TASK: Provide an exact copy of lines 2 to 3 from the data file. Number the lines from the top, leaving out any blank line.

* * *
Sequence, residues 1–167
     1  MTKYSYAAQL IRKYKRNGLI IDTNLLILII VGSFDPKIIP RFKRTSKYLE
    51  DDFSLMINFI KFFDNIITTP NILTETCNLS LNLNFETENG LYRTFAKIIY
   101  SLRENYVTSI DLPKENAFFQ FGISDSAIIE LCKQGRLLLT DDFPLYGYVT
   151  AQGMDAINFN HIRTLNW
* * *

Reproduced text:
     1  MTKYSYAAQL IRKYKRNGLI IDTNLLILII VGSFDPKIIP RFKRTSKYLE
    51  DDFSLMINFI KFFDNIITTP NILTETCNLS LNLNFETENG LYRTFAKIIY